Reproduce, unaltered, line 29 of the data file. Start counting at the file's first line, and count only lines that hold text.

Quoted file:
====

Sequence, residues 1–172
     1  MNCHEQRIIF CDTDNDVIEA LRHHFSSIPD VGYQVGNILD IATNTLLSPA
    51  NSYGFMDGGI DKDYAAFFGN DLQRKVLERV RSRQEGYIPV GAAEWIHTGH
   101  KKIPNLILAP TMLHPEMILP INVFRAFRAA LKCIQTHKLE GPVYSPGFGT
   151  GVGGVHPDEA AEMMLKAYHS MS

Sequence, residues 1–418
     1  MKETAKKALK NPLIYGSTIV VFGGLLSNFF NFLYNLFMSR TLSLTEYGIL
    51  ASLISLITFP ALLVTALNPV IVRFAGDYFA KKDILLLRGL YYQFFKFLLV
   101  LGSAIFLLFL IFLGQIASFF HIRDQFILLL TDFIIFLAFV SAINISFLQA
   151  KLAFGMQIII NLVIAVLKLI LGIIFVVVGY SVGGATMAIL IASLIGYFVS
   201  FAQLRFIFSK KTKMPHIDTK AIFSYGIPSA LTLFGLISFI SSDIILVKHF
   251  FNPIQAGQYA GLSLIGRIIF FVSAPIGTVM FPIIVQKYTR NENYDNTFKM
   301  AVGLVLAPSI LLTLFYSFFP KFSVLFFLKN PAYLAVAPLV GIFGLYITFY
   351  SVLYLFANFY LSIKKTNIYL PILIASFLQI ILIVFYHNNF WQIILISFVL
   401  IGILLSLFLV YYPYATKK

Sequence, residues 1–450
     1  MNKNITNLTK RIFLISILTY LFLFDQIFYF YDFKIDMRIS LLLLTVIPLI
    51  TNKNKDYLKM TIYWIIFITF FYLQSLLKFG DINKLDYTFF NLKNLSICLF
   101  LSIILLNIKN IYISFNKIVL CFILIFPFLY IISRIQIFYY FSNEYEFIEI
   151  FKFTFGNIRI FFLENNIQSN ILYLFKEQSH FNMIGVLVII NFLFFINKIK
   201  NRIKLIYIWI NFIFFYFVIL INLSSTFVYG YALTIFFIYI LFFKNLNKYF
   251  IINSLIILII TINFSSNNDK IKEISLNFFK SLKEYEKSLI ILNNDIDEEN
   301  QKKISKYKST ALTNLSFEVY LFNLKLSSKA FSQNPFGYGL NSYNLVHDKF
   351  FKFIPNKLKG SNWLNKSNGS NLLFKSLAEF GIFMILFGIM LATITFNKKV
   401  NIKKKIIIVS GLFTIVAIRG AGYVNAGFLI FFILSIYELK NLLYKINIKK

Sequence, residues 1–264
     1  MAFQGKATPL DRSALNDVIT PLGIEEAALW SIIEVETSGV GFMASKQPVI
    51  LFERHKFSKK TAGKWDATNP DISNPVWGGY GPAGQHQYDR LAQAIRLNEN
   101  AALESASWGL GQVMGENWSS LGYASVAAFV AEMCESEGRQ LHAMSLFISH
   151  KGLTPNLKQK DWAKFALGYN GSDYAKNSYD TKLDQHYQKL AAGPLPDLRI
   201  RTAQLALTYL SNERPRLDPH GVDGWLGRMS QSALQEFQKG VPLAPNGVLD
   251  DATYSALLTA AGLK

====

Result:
   101  AALESASWGL GQVMGENWSS LGYASVAAFV AEMCESEGRQ LHAMSLFISH